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Miners’ strike 30 years on: ‘We’re the women of the working class’


Originally published in Workers Power 284 in March 2004, edited by Rebecca Anderson

WITH NOT just their own futures at stake, but also the future of the entire working class, the women of the pit villages came out to fight for their livelihoods and communities during the Great Miners’ Strike of 1984-85. They set up support groups and organised communal kitchens, meetings, pickets and protests. Like the miners, they were getting a crash course in the nature of the state and the realities of the capitalist system. Women who had never taken an interest in such things before travelled across Britain and overseas, speaking on platforms to raise support for the strike.

When Thatcher threatened pit closures, strikes began across the country until the National Union of Miners (NUM) called a national strike. The women of the mining villages were what allowed the strike to go on for a whole year despite all the nasty tricks that the Thatcher government threw at them.

From soup kitchens to activism

They were refused benefits in an attempt to starve them. The miners picketed the pits daily so it was up to the women to raise the money and solidarity needed to keep the strike going.

The miners’ wives began by organising networks to ensure that the welfare of the strikers – food supplies, communal kitchens and so on – was maintained. But within a very short time the wives began to organise more than just collective cooking. Women from Kent and Doncaster organised their own demonstration in Leicestershire to show support for the striking minority there and boost the campaign to spread the strike. Kay Sutcliffe from Aylesham Miners’ Wives Support Group wrote:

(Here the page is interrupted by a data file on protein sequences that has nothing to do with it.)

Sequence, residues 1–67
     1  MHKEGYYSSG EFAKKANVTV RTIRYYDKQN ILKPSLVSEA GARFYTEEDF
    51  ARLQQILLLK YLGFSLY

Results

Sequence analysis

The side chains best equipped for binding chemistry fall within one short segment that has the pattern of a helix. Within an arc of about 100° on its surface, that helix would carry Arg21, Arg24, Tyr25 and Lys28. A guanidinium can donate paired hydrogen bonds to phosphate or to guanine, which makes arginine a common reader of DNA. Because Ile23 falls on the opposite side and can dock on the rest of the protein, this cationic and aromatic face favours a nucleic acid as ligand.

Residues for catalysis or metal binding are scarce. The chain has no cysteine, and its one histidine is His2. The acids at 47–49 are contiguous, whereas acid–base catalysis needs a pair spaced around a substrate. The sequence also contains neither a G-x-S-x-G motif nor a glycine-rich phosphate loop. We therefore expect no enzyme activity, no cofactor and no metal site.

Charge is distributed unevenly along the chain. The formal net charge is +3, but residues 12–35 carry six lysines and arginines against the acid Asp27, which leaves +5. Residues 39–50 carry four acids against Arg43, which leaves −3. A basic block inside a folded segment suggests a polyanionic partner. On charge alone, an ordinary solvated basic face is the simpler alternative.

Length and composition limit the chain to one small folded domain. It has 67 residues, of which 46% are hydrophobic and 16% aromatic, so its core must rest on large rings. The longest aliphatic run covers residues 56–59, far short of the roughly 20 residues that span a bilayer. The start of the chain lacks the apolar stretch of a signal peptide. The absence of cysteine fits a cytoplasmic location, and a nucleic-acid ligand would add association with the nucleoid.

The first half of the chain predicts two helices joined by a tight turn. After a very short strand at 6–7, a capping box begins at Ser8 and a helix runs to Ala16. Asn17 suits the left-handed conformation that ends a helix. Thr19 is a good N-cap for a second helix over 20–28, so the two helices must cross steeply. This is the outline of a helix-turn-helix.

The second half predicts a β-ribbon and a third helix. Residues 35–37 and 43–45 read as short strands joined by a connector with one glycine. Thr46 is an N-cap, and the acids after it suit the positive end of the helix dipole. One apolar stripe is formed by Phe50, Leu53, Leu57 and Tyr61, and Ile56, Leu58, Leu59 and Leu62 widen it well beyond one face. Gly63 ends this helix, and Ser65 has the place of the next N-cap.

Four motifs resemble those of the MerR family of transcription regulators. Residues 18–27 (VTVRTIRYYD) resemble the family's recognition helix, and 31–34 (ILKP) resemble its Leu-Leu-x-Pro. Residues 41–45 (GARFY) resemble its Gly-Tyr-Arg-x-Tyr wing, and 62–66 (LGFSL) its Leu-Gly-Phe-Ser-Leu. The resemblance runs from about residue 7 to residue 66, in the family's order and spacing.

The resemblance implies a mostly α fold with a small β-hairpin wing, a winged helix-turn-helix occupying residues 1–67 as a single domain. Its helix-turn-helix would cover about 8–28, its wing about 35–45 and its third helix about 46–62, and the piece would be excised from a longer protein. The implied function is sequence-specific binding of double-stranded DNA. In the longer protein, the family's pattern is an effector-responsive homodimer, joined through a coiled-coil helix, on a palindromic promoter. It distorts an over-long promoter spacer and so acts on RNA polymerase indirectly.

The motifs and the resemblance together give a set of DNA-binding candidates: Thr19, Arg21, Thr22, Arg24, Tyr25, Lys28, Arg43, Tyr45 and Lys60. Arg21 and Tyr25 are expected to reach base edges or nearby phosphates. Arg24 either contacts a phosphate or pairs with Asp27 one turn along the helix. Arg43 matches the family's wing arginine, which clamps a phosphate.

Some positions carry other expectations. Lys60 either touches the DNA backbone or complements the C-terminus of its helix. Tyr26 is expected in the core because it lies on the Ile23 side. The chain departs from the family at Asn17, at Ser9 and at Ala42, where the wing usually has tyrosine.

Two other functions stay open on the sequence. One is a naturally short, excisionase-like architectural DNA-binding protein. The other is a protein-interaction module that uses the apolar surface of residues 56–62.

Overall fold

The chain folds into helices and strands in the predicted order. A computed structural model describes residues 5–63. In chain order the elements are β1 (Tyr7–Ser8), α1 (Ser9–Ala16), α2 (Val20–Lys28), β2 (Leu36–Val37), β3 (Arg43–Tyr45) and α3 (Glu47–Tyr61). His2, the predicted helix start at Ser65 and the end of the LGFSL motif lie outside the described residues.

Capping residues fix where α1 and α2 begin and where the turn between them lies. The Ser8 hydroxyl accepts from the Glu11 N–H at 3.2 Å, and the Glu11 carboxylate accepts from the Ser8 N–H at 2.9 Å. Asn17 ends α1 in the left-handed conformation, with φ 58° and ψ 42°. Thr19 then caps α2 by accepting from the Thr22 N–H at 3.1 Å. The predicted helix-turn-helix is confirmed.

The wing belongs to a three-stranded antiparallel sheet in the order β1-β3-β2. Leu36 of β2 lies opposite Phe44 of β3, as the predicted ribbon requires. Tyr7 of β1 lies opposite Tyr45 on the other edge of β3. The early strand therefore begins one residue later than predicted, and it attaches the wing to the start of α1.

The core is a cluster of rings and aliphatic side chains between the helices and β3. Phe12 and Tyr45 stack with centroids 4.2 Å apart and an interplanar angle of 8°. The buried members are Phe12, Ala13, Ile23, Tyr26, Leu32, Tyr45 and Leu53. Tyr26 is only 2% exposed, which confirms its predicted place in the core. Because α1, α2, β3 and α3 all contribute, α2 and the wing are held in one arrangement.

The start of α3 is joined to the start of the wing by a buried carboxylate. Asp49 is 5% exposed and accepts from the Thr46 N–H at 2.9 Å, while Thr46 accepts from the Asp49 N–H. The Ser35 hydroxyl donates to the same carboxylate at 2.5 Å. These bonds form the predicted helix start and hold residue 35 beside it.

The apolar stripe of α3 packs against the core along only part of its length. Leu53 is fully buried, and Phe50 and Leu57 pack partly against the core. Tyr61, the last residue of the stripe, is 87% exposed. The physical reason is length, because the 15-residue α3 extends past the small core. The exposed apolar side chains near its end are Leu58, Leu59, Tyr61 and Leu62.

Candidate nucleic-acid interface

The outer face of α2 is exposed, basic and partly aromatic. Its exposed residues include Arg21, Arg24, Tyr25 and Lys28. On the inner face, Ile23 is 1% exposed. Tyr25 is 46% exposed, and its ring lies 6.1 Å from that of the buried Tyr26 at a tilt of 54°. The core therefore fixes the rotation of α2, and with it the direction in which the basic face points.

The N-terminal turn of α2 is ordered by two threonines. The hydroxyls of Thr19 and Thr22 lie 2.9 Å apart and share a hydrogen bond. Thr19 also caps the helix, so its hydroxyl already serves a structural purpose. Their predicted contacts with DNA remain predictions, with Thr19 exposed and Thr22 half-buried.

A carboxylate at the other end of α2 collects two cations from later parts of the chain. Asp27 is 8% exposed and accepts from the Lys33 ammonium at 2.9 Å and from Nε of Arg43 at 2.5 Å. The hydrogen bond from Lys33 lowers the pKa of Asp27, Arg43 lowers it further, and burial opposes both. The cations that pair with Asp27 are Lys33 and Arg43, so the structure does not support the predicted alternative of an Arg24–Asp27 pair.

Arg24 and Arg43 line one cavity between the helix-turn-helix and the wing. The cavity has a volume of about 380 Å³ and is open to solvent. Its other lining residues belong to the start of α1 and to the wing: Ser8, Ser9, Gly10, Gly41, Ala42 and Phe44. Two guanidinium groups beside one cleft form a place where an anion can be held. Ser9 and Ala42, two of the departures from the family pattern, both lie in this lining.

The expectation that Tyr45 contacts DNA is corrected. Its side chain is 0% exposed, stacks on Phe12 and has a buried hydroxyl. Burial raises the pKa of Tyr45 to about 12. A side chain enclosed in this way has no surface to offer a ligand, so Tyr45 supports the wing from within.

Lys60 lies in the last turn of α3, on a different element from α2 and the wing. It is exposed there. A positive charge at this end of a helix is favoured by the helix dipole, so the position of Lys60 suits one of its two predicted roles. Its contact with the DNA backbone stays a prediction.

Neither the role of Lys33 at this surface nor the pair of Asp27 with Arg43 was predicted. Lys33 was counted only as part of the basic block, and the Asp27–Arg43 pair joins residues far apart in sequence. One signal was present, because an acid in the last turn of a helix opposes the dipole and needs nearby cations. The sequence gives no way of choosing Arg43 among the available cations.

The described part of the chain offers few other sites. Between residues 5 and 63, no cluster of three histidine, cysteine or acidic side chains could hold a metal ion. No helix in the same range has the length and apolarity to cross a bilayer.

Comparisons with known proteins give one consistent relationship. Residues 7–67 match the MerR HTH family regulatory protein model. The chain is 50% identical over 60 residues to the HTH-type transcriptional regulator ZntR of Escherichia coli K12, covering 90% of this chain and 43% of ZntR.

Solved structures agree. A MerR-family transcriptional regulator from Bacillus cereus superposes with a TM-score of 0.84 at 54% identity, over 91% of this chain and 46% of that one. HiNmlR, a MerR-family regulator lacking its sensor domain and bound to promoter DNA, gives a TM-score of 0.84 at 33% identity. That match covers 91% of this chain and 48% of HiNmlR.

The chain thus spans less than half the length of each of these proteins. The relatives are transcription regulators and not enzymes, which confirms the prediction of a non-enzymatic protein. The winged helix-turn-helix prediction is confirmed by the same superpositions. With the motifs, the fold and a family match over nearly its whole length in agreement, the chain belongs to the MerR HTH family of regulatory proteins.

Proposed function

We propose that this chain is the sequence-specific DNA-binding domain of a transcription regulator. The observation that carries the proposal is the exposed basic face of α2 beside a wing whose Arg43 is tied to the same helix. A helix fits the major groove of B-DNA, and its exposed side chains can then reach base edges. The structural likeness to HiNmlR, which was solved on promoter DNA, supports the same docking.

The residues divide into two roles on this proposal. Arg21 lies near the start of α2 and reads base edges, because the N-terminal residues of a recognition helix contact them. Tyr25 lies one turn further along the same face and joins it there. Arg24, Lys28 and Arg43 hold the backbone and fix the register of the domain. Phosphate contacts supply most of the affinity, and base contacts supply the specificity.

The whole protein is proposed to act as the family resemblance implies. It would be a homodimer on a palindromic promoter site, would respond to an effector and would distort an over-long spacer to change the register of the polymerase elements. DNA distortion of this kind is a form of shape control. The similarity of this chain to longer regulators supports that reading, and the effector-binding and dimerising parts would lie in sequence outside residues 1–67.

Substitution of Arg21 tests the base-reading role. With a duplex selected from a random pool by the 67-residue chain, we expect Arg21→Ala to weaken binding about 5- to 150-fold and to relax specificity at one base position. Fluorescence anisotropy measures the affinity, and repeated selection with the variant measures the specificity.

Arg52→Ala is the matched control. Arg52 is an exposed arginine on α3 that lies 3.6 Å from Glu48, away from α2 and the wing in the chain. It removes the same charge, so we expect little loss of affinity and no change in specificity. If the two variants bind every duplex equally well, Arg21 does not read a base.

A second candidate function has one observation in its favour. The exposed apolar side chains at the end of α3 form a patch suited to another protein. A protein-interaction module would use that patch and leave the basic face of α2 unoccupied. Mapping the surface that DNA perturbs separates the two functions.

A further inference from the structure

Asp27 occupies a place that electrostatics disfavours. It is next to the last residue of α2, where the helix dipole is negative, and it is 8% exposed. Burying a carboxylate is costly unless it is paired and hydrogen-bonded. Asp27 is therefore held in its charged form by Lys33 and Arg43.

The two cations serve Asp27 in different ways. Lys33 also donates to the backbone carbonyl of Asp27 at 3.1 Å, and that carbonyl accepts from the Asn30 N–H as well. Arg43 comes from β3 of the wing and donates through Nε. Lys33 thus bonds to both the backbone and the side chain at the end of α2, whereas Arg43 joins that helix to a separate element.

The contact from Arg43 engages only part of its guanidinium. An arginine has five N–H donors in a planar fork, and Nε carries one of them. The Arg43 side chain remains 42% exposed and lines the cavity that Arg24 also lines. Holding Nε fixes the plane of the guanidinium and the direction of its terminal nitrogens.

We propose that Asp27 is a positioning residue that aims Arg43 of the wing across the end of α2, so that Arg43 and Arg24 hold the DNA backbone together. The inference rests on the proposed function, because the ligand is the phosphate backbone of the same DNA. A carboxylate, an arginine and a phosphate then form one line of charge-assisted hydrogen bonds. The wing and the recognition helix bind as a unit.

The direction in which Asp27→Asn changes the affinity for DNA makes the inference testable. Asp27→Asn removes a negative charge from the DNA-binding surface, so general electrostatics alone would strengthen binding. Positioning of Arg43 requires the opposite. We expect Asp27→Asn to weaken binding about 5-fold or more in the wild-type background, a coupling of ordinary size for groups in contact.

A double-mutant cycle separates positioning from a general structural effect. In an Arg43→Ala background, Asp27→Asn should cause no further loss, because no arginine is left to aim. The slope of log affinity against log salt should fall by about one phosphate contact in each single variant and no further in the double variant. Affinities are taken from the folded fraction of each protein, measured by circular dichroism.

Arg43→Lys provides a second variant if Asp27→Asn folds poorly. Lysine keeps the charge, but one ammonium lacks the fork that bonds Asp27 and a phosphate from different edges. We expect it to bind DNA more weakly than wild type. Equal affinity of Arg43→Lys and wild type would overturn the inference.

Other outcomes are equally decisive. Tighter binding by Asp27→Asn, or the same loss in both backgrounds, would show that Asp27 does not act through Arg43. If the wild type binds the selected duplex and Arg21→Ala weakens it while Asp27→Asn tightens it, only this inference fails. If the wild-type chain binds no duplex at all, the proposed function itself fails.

“We called a meeting… after hearing about the miners going back to work in Nottingham. We were expecting maybe 10 or 15 women, but we got 50. There were mixed feelings about what we should do, but we decided to go and hold a women’s demonstration up there. We went to the local NUM and they said that, as the Kent mines came under the Leicestershire region of the Coal Board, we should demonstrate there. It was one of the first women’s demonstrations in the dispute.”

From the beginning these women were clear that they wanted to be involved in the strike in their own right and not just be regarded as providing welfare support in the background. Wives of the Hatfield Main miners explained:

“We’re trying to get the women together from the community and involved in the strike. It’s so they don’t have to ask their husbands what’s going on. It’s so they know what’s going on for themselves… It’s the first time working class women have been organised like this since the fight for the vote.”

Women Against Pit Closures

The actions of the Kent and Doncaster women inspired thousands of others across the country. Networks began to take shape. More women’s demos followed, women’s support groups were formed in every mining village and a working class women’s movement was forged.

Five thousand women attended a rally in Barnsley. This was followed by a conference in June and a large protest march in London on 11 August 1984; 23,000 working class women attended that event, joined by other women trade unionists.

The name Women Against Pit Closures was adopted at a national delegate conference in Chesterfield in December 1984 and the group sought Associate Membership of the National Union of Mineworkers (NUM).


For the first time women also joined men on the picket lines and took part in flying pickets. In what often became a violent and confrontational situation women were in the front line, and like the men on the pickets were injured as a result. In such traditional communities men were initially resistant to the involvement of women, but soon came to realise their importance and how vital their support was.